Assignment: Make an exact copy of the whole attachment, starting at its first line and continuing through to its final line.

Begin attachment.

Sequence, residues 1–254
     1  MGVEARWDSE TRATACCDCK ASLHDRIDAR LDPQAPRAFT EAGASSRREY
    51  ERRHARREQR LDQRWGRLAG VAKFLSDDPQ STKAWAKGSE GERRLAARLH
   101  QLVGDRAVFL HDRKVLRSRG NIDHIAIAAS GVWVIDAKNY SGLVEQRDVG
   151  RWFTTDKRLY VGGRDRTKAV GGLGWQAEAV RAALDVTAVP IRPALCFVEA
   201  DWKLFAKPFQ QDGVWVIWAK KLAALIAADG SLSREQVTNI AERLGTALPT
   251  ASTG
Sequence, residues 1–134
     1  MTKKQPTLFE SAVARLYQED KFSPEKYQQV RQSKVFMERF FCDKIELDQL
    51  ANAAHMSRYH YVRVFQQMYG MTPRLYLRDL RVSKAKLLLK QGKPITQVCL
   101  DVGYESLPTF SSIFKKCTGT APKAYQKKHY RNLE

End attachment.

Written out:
Sequence, residues 1–254
     1  MGVEARWDSE TRATACCDCK ASLHDRIDAR LDPQAPRAFT EAGASSRREY
    51  ERRHARREQR LDQRWGRLAG VAKFLSDDPQ STKAWAKGSE GERRLAARLH
   101  QLVGDRAVFL HDRKVLRSRG NIDHIAIAAS GVWVIDAKNY SGLVEQRDVG
   151  RWFTTDKRLY VGGRDRTKAV GGLGWQAEAV RAALDVTAVP IRPALCFVEA
   201  DWKLFAKPFQ QDGVWVIWAK KLAALIAADG SLSREQVTNI AERLGTALPT
   251  ASTG
Sequence, residues 1–134
     1  MTKKQPTLFE SAVARLYQED KFSPEKYQQV RQSKVFMERF FCDKIELDQL
    51  ANAAHMSRYH YVRVFQQMYG MTPRLYLRDL RVSKAKLLLK QGKPITQVCL
   101  DVGYESLPTF SSIFKKCTGT APKAYQKKHY RNLE